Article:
Friday, 27 June 2014

Mellow Belly Guest Post

Mead from Local Honey, by Daniel Wainwright.

I visited my mum recently and saw that she had cleared out some of my dads old wine making equipment from the garage. There was a demijohn and half a dozen wine bottles (complete with contents aged 30 to 40 years, the less said about those the better!). I've dabbled in home brewed beer for a few years now and with reasonable success. I usually stick to bitter and ale from malt extract (in a kit). Any way, recently I'd been thinking about making cider or mead. We usually have a glut of cooking apples in the  autumn and I wondered if I could put them to good use. After some research it seemed clear that cider from a single variety of cooking apple is not a good prospect. Back to my other option; mead. My interest was initially drawn when I was served mead earlier this year at a Coombe Abbey Medieval Feast and I very much liked it. The methods/recipes I found online seemed straight forward enough. I'd need a lot of honey but I figured there would be a local apiarist who could supply that[3]. So when I saw the demijohn at mum's I thought “Right then, I'm going to make some mead!”.
I've used a 'Basic Mead'[1] recipe as it's my first attempt. Basic mead is made with honey and water but no fruits, spices or other adjuncts. Yeast cannot thrive on honey (sugar) alone though. This necessitates the use of yeast nutrient (amino acids aka protein). The type of yeast for mead brewing needs to be able to keep working up to much higher alcohol concentrations than those typically used for ale. The recipe also calls for 'acid blend', this is a blend of citric acid and tartaric acid which should give the final mead a more balanced and slightly fruity taste.  As with all brewing, cleanliness is key to success. You don't want your time, effort and ingredients going down the drain because your brew turned rank due to contamination leading to bacterial or fungal colonisation. Yuk! So, make sure all the kit that will be in contact with ingredients is spotlessly clean and sterilised just before you start the brewing process. Keep things covered with clean tin foil or lids after sanitising to keep out dust and airborne contaminants. If possible, work in a clean, draught free area too. I acquired the sanitising chemical and brewing ingredients online[2].


  • 5 litres un-chlorinated water
  • 1.5kg Local Honey[3]
  • 1tsp Acid Blend
  • 1tsp Yeast Nutrient
  • 1 packet Champagne Yeast

Brewing Kit

  • 5 litre stainless steel 'stock pot'
  • 2 demijohns with bungs and air locks
  • funnel
  • other 'normal' kitchen items


1. If like me you use dried yeast then it will need rehydrating/starting. In a shallow dish, dissolve 2 tbsp of the honey in 200ml of freshly boiled water. Cover with clean foil and leave to cool until lukewarm (just below 37°C , body temperature). Once cooled sprinkle the yeast over the surface of the honey solution and re-cover. After 10mins stir then re-cover and store in a warm place for at least 2hrs (I used the airing cupboard).
2. Boil 3.3 litres of water in the pot. If using tap water, keep boiling for 30 mins to get rid of the chlorine. If you've used bottled or otherwise chlorine free water just bring to a rolling boil then remove from the heat.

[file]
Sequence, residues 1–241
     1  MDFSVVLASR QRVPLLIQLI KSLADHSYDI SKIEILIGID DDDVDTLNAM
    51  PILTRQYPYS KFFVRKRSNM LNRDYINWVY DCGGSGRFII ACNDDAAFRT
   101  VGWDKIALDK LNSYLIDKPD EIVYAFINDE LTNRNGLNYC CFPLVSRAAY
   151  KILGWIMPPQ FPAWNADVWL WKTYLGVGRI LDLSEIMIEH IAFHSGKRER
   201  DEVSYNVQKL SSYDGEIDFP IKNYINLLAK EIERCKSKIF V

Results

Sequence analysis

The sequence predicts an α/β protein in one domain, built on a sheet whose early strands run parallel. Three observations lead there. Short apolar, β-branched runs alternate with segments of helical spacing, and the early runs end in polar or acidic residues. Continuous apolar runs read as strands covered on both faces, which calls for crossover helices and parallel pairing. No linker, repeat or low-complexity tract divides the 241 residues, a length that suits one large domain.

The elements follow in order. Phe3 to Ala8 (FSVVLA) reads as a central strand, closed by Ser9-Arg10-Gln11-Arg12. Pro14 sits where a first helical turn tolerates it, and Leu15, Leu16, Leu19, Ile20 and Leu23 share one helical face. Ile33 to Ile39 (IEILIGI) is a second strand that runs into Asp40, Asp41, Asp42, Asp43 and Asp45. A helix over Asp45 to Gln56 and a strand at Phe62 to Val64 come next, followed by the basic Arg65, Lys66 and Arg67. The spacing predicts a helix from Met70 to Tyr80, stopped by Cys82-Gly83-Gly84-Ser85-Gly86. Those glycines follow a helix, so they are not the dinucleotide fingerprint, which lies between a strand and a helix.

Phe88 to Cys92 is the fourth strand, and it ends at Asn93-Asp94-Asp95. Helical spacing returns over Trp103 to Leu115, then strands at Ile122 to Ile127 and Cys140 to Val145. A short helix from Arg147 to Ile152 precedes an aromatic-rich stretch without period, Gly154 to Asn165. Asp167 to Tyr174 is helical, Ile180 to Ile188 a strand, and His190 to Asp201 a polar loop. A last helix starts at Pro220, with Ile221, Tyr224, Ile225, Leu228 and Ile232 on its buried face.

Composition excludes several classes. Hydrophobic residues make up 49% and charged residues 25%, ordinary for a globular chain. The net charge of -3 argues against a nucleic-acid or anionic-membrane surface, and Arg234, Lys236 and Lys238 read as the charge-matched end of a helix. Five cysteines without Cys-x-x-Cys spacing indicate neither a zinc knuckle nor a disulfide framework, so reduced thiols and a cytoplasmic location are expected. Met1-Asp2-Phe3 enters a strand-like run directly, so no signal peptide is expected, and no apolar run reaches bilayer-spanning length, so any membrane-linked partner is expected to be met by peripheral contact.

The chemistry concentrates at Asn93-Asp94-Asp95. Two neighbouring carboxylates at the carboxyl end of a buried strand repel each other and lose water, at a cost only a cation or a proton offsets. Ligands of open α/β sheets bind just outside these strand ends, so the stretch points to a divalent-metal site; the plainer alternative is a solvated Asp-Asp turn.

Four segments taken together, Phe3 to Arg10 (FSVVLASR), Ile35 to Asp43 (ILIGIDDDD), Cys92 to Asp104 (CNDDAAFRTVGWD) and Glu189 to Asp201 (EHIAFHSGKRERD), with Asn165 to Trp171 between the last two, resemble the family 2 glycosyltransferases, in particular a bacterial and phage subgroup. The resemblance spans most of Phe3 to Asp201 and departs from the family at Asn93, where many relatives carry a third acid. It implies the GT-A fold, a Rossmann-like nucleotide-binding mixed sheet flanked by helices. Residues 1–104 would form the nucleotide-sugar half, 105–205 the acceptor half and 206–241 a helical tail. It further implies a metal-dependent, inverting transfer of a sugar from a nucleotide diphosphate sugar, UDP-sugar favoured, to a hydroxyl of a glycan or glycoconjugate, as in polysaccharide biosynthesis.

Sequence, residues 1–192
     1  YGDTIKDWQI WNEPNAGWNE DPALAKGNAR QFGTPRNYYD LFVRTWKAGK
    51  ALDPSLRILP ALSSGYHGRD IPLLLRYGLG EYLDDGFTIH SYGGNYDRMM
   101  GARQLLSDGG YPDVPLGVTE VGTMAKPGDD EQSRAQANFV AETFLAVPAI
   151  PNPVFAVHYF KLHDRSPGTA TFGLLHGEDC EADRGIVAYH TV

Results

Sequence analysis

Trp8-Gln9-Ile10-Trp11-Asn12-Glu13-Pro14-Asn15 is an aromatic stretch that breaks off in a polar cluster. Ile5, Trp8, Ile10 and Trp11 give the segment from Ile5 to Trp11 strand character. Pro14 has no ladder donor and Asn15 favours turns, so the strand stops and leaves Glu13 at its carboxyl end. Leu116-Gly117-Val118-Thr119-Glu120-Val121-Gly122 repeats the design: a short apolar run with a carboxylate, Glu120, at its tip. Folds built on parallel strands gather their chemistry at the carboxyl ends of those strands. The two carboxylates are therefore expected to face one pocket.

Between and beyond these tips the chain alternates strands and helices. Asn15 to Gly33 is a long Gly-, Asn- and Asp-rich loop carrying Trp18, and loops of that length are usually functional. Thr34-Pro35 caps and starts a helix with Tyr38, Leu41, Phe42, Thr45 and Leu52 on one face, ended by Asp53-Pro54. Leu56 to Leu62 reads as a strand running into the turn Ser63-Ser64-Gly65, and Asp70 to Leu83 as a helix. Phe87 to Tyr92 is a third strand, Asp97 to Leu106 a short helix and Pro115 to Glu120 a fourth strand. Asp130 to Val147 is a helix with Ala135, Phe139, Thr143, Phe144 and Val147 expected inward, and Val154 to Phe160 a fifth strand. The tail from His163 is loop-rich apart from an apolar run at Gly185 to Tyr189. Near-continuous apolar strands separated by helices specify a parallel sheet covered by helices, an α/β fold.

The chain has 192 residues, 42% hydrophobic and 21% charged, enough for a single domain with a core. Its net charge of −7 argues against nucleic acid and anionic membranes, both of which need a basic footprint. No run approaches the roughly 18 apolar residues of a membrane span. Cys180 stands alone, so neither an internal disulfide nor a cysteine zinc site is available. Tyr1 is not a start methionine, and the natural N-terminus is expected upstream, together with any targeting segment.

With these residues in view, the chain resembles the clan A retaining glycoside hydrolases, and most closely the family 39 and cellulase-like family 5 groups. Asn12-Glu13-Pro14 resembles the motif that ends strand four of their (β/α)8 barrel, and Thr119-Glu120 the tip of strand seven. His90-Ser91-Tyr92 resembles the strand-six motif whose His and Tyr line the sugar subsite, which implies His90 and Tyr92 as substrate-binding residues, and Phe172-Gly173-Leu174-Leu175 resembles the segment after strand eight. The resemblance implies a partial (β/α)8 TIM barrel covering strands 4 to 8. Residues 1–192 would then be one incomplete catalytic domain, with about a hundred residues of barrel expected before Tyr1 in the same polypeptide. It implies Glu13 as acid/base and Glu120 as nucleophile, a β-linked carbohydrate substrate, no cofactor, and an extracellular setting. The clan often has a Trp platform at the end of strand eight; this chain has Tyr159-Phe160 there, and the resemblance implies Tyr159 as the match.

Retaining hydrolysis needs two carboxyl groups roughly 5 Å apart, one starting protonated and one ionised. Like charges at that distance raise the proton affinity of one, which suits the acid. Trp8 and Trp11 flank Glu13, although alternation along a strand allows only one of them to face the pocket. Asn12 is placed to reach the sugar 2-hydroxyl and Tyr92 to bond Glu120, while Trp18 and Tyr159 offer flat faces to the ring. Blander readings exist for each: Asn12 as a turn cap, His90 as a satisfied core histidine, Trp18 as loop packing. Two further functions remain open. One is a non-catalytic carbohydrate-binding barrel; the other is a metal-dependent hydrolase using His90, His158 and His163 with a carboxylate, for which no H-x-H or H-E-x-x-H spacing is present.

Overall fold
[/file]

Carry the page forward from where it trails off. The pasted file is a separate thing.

3. Add the honey slowly (you may need help here), stirring continually to ensure it dissolves rapidly and doesn't sink to the bottom and scorch on the base of the pan. Be very careful not to scald yourself and look out for delayed boiling over. Stir in the acid blend and yeast nutrient too.
4. Cover the pot with clean foil and leave to cool until lukewarm. With the aide of a sanitised funnel transfer the pot contents to the demijohn. Get your yeast starter mixture and give it a stir then pour it in too. Give the demijohn contents a swirl to help mix the ingredients. Place a bung with an airlock firmly in the neck of the demijohn. It shouldn't be full to the neck,  leaving space for the initial and hopefully vigorous fermentation. Put the demijohn in a warm place and wait.
5. Within 24hrs or so the fermentation should be well under way. A steady stream of bubbles should be coming through the airlock and a foamy head may have formed on the demijohns contents. Mine had a 'tide mark' up into the neck the following morning. It seems I was right to take the precaution of standing the demijohn in the empty 5 litre pot in case of overflow.
6. Once the fermentation is progressing, store the demijohn in a cool dark place and make daily checks. After about a month the bubbling should be slowing down and a layer of sediment forming in the bottom of the demijohn.
7. When the sediment reaches a depth of 2 to 3 cm the mead should be racked. This means carefully syphoning the liquid into another (sanitised) demijohn, leaving the sediment behind, and after topping up with clean water to the neck, bunging with an airlock again. It is important to minimise the meads exposure to oxygen. Don't be lazy about this step, leaving your mead on the sediment too long will spoil it's flavour.
8. Daily checks should continue. Each time the sediment builds up repeat step 7. If the liquid level drops below the neck then top up with clean water. If a couple of weeks go by without you seeing any bubbles through the airlock, the fermentation has come to an end. Patience though, this could take up to 6 months! Premature bottling could lead to a pleasant fizz or exploding bottles!
9. Finally then, using the same careful syphoning, transfer your mead to (sanitised) bottles and seal them up to age. As with most brews, the flavour tends to improve with ageing. Store in a cool dark place.

I'll probably be 'tasting' mine at bottling time, which could be around christmas, and then every few weeks after! All in the name of research, of course!

1. Home Brewing by Kevin Forbes. ISBN 978-1-90723-105-6
3. Mr Paul Kime, 311 London Road, Wyberton.

Sunday, 6 April 2014

Fabulously Fudgy Gluten Free Brownies

I found this recipe on and it's so easy as it's all in cup measurements and there are very few steps for when you need a chocolate fix!